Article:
I noticed a shot of an exercise room on campus. I still haven’t had the chance to work at an international school that had one of these. Would be nice to have access to a gym on campus!
Wow their special celebration days look to be quite the spectacular! There is a great open space outside on the field to hold these types of big events.
There have been 39 comments and information submitted on this international school on our website. Want to know more about what life is like as a teacher at this international school? Take a look a their profile page on our website – KIS International School (Bangkok) (39 Comments)
Currently on www.internationalschoolcommunity.com we have 24 international schools listed in the city of Bangkok. The number of comments and information that have been submitted for each school is listed to the right the link to each school. Here are a just a few of them:
• Bangkok Patana School (14 Comments)
• Harrow International School (Bangkok) (10 Comments)
• International School Bangkok (16 Comments)
• St. Stephen’s International School (Bangkok) (8 Comments)
• Hampton International School (13 Comments)
• Thai-Chinese Int’l School Bangkok (7 Comments)
• Berkeley International School (Bangkok) (8 Comments)
If you know about what it is like working at one of these international schools in Bangkok, log-on today and submit your own comments and information. If you submit more than 30 comments and information, then you can get 1 year of premium access to International School Community for free!continue reading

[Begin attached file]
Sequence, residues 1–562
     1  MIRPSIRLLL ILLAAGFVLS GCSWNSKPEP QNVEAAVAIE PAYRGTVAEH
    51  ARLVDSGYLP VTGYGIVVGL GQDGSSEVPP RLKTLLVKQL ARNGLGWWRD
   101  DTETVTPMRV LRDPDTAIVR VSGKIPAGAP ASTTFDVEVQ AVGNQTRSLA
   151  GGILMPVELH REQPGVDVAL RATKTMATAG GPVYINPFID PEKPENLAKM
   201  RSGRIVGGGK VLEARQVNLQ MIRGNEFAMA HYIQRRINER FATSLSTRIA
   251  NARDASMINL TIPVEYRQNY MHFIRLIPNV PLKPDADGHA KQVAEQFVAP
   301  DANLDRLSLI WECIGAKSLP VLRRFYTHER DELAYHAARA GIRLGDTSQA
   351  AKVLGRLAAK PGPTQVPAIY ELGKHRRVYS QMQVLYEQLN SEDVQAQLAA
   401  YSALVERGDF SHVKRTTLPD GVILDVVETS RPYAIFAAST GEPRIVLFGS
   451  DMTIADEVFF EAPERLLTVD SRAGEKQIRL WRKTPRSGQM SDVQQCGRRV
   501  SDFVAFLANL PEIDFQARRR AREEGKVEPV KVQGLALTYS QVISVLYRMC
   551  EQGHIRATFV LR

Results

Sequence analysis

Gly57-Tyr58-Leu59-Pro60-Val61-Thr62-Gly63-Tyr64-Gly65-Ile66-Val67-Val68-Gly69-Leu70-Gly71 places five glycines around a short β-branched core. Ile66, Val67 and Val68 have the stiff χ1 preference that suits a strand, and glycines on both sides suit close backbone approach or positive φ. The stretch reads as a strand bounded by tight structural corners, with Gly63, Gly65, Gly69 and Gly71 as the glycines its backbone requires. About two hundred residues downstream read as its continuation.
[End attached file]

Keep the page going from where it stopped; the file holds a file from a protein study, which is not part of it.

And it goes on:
If you dream is to work at an international school in Thailand, the ISAT website can be a great resource for you.
The International Schools Association of Thailand was established in 1994. Its principal purpose is to act as a link between international schools which are members of ISAT on the one hand and the Ministry of Education, in particular the Office of the Private Education Commission, on the other.
During the past year, ISAT has been extensively involved with the Department of Export Promotion in the joint marketing of international education both in Thailand and overseas.
The issues of new education legislation and educational reforms have also featured high on the agenda over the past year. ISAT has lent its support to this process through assistance in in-service training by arranging placement for Thai teachers and administrators in international schools where they are able to observe modern approaches to teaching and learning first hand.
In addition to disseminating information to its members on educational issues both at home and overseas, its regular meetings provide a forum for discussion, debate and the exchange of views and information. The organization of in-service training courses, particularly in the fields of cross-cultural management and Thai language teaching, also features highly on the list of ISAT’s priorities.